The system costs a lot of money, but climate damage and accidents basically cost more and more money.

We decide.

Over time, there will be new, different accessible, futuristic and lighter vehicles for the rail system.  


Our congestion images that everyone knows, whether in the city or on the motorway. Today's traffic needs a lot of space.


 Here are more details of the rail system:

 

1. the cabin taxi existed in the 70s (test facility in Hagen) from Krauss Maffei.

2. the company Thyssen Krupp (today TK-Elevator GmbH) has presented a lift with the Transrapid technology (magnetic rail technology), this lift can travel vertically and also horizontally. These lifts are intended for buildings up to 1,000 m high. So if you can distribute over 2,000 people on many floors, at rush hour, you can also distribute many people in the area.

Now these two techniques are combined. The vehicles are transported on the rails at a height of about 4.50 m using magnetic rail technology. The rails will have solar cells to generate electricity. The system will generate its own electricity.

 

Switches, crossings are no longer a problem. Even our current cars (the motorised traffic, MV) can run on this rail system with special platforms in a climate-neutral way, also lorries and buses. This makes the roads usable for people in a new way. Green streets, free for pedestrian and bicycle traffic, habitable streets and much more is now possible.

 

The most important requirement is that the system must function worldwide with easy, problem-free transitions. Travelling around the world with your own vehicle must remain possible, just as it is today with your own car. 

 

 3. the stops

How to get on and off, barrier-free of course and slowly if necessary, with children, shopping etc.

The vehicles enter a lift shaft at the top, stop and are moved down with the rail. A second rail comes from above and closes the resulting gap and the next vehicle can drive through at the top. Now you can get on and off at the bottom in peace.

Since these stops are small, many of these stops can be set up according to demand. At railway stations, for example, 50 or more could be set up, behind or next to each other, just as bus stops are today. Theoretically, such a stop could be set up in front of every house door, but also in or at every company or school, so that people can get off directly in the building. The bus stops do not obstruct through traffic.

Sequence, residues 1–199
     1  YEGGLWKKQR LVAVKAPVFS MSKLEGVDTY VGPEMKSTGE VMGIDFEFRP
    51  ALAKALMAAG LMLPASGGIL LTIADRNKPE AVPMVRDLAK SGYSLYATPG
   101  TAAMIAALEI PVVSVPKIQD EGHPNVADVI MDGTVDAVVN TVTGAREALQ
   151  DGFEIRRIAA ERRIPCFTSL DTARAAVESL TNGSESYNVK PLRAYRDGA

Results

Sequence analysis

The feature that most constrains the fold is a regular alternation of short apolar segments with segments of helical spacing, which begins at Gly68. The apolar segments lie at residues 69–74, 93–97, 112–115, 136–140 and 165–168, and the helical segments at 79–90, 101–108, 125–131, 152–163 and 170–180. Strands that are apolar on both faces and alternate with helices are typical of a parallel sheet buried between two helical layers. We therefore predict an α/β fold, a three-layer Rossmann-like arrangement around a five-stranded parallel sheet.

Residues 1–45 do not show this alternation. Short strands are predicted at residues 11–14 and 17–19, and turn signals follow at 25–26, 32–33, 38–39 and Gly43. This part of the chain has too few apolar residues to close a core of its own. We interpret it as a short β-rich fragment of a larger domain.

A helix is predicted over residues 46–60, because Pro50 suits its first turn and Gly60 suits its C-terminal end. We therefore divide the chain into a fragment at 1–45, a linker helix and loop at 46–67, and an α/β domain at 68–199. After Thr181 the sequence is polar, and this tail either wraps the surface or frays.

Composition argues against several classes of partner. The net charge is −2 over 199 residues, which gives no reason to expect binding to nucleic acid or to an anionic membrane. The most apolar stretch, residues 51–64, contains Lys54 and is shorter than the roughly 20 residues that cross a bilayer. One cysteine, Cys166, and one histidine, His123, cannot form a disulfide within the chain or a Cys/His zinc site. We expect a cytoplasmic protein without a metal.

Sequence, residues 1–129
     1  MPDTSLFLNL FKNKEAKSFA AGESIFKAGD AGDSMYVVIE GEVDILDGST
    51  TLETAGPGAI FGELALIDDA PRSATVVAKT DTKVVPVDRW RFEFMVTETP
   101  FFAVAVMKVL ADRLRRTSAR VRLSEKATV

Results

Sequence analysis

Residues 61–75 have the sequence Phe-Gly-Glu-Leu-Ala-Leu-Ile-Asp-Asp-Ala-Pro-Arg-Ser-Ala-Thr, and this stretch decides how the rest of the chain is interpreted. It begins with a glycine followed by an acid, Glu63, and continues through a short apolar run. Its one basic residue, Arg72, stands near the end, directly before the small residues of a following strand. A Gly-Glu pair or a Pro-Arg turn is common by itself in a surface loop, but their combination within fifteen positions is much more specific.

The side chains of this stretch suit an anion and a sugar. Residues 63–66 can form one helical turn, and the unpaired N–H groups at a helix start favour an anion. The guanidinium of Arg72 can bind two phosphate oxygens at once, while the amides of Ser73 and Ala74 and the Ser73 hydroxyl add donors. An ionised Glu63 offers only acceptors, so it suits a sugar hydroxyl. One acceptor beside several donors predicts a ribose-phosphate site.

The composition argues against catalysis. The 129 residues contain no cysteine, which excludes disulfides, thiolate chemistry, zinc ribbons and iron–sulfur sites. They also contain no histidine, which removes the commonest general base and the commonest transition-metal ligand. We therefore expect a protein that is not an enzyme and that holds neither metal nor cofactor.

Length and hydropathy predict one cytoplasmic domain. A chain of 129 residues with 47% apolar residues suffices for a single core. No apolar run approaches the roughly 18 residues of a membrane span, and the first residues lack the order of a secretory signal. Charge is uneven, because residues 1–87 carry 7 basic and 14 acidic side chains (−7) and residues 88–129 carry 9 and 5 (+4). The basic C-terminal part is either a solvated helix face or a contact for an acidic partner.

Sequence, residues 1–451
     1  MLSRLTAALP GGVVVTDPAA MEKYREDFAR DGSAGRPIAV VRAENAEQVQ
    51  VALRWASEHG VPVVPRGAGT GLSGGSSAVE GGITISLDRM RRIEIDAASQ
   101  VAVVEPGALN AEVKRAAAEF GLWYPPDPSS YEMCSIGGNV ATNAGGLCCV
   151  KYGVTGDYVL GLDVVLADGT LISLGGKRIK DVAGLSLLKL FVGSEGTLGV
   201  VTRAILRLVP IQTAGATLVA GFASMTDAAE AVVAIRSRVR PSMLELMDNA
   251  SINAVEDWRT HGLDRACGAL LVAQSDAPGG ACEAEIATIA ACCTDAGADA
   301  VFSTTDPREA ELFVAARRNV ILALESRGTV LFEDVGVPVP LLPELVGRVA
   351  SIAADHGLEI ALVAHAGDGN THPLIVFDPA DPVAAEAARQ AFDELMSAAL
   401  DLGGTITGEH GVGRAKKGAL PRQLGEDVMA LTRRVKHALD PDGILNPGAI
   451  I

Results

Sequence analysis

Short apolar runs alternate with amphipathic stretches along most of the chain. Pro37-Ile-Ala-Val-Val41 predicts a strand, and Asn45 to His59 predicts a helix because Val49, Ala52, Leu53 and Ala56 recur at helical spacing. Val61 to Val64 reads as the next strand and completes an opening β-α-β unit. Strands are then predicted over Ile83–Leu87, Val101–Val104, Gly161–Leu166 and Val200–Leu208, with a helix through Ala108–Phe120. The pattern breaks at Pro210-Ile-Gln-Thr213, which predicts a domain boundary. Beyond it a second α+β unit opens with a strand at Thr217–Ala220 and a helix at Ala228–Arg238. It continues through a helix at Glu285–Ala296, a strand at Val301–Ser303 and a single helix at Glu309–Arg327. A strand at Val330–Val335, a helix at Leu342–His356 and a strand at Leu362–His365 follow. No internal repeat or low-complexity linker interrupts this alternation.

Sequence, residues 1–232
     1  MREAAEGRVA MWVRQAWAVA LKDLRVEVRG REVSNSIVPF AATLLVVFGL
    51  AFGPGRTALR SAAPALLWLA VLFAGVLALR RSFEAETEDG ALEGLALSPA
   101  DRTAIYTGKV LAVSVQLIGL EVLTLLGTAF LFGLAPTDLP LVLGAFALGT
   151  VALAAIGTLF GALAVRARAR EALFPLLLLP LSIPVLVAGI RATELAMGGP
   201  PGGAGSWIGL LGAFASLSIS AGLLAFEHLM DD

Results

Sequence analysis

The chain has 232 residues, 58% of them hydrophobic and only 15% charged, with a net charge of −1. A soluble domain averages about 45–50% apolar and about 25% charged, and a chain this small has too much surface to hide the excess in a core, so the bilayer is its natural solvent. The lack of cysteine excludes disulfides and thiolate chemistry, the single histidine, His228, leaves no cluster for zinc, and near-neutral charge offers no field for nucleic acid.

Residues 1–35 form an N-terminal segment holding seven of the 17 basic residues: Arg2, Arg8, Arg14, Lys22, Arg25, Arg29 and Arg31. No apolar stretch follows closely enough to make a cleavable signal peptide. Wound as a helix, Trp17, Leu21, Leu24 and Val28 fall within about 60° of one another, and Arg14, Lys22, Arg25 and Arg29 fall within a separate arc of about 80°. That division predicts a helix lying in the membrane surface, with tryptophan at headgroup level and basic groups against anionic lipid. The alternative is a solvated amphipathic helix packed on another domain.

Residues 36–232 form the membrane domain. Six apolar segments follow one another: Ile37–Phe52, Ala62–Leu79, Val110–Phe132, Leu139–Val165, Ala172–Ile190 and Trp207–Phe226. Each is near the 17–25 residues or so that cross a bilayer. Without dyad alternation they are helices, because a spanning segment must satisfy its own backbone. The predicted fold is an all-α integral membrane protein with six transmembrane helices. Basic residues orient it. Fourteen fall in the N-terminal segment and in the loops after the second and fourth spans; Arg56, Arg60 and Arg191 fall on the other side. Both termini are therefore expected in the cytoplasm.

This means that individual transport is possible from door to door at any time. 

 

 After getting out, the empty vehicle drives into a parking position and waits for the next assignment. Or one continues on the road as before.

 

4. control and monitoring

 

All vehicles and the entire rail network are monitored by computers, as is already the case with many other means of transport. Using an accessible mobile phone or similar, the customer calls a or his vehicle to his stop and after boarding he indicates his destination and is driven to his destination fully autonomously without having to change trains. The computer controls the route. The customer is charged according to use. Such charging systems already exist and may have to be adapted to be barrier-free. The decision is up to each country. 

 

5. the vehicles:

There are many different vehicles for the public, i.e. for everyone, and everyone can also buy individual ownership vehicles themselves, just like today. These private vehicles can also drive right up to one's own garage. After a journey, e.g. to work, anyone entitled can request the vehicle for other journeys, car sharing is possible autonomously.

 

There is no timetable, the vehicles are always available without charging or refuelling. The system remains open for future-oriented vehicles. The connection between rail and vehicle as well as rail and platform remains uniform. 

 

Own and also public vehicles can be used

 

6. who can drive with the system with the future new vehicles, everyone, possibly from about 6 years of age, with an appropriate mobile phone, smart card, or watch or similar. the recognition is automatic, the card stays in the pocket, just get in and drive off, like today with the car. If our present vehicle is used, one still needs the driver's licence for further travel outside the rail system.

 

7 What about our current vehicles?